in circulation
in my body
in my classes and curriculums
continuously called and claimed
in and beyond
earth and ether
I’m ritualistically remade more radical
because I’m a griever
and again,
you are my dead
and now you know
I’m listening
to you listening for your name
and I’ll be listening with learners
to the maps you left for remembering
and then our listening




Additional resource on Melvin Dixon

Learn about Melvin Dixon and his archive at the Schomburg Center:


Thank you to Obsidian, avery r. young, my O|Sessions: Black Listening cohort, Phil Spotswood, Tony Keith Jr., Amour Castillo, Kyandreia Jones, Amy Azubuike, and Marva Jackson Lord for all their support and generosity that made it possible for me to complete this piece.

I’ve included language from the following sources, which I’ve listed in order of when the language in quotations appears in the poem:

The sound recording titled “OutWrite Festival, closing plenary, 1992″ that includes Melvin Dixon speaking was provided courtesy of Bromfield Street Educational Foundation records at Northeastern University Archives and Special Collections.

Morrison, Toni M. “Rootedness: The Ancestor as Foundation.” In Black Women Writers (1950-1980): A Critical Evaluation, edited by Mari Evans, 339 – 345. Garden City, N.Y.: Anchor Press/Doubleday, 1984.

Wikipedia. 2005. “Death and state funeral of Ronald Reagan.” Last modified on March 8, 2024.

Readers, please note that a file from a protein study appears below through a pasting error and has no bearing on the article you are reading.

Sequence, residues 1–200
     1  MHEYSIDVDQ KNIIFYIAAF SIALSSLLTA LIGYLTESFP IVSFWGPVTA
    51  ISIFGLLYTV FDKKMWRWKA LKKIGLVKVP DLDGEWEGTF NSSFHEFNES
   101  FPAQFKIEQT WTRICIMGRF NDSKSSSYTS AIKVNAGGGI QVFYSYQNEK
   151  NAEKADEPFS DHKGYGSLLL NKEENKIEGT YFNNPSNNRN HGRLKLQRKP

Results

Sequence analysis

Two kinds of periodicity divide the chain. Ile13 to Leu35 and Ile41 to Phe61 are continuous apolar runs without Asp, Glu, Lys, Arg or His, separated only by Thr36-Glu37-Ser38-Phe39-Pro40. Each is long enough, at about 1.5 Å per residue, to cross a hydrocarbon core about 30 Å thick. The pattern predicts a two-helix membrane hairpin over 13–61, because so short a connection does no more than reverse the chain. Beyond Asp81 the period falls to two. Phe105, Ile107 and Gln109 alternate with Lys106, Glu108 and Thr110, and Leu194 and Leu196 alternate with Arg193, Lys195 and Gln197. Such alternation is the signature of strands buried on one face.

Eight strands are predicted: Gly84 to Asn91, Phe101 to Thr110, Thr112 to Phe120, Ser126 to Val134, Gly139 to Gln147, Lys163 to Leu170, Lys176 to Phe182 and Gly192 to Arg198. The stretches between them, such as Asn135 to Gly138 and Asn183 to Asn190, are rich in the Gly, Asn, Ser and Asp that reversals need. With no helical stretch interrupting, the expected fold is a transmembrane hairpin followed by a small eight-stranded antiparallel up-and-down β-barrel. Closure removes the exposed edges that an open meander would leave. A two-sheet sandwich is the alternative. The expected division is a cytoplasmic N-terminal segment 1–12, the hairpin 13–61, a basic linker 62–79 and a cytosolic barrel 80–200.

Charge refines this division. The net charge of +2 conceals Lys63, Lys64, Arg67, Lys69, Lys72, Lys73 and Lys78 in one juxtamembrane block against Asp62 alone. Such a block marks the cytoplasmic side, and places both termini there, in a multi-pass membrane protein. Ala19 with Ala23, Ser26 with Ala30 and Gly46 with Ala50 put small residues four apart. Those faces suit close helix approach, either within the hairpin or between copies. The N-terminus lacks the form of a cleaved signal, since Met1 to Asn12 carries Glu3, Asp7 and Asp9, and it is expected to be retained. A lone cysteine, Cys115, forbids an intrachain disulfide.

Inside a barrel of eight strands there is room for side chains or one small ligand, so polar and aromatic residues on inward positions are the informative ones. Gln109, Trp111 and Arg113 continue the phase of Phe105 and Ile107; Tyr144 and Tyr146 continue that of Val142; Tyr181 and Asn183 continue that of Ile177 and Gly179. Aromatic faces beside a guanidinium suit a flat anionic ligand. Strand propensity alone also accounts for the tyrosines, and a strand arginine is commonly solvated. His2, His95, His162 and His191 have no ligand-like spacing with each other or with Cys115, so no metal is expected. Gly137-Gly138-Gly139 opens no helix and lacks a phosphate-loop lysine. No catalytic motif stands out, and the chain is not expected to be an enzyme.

Hartman, Saidiya. V. Lose Your Mother: A Journey Along the Atlantic Slave Route. New York: Farrar, Straus and Giroux, 2007.

Baker Jr, Houston A. “Critical Memory and the Black Public Sphere,” Public Culture 7, no. 1, (1994): pp. 3-33.

Sacharja Cunningham

Sacharja Cunningham



Sacharja (he/they) is a cultural worker exploring Blackness, queerness, memory, grief, homespace, and liberation struggle through scholarship, multimedia poetry, and educational practice. They began creating poetry in 2013, though the post-2020 political context clarified how their poetics would function as part of their life’s work. Sacharja begins in the archives, engaging with materials including but not limited to various kinds of writings, interviews, speeches, and films. Media from these materials become epigraphs in or other parts of his poems, functioning as bridges between liberatory cultural traditions and his own ongoing contributions to them. He commits to documenting his life experiences in broader political contexts across time and space.

Sacharja graduated in 2019 with a BA in Africana Studies from Hamilton College, where they also explored Education Studies and digital media before becoming an instructional designer there. He then earned his MSEd in 2023 through Penn GSE’s Literacy Studies program to begin building his pedagogy shaped by his literacy practices as a cultural worker. They’re currently based on Lenapehoking (Philly), where they do adult literacy work and local organizing focused on political education as well.

Follow more of their work here:

My work is in conversation with past, present, and future stewards of Black queer cultural production. More specifically, it speaks to what Jafari S. Allen calls “the Black anthological tradition.” I understand this tradition to be rooted in the Black queer literacy practices of using literature and other mediums to preserve the memories of our life experiences. I center ancestors, elders, current practitioners, and descendants whose labor maintains these records across lifespans and lifetimes. I extend loving gratitude to the radicals, caregivers, scholars, archivists, organizers, educators, writers, and filmmakers who have made me as well as my work more possible.

Black Listening's website front page header art and Obsidian 49.2 cover art were  created by Nettrice Gaskins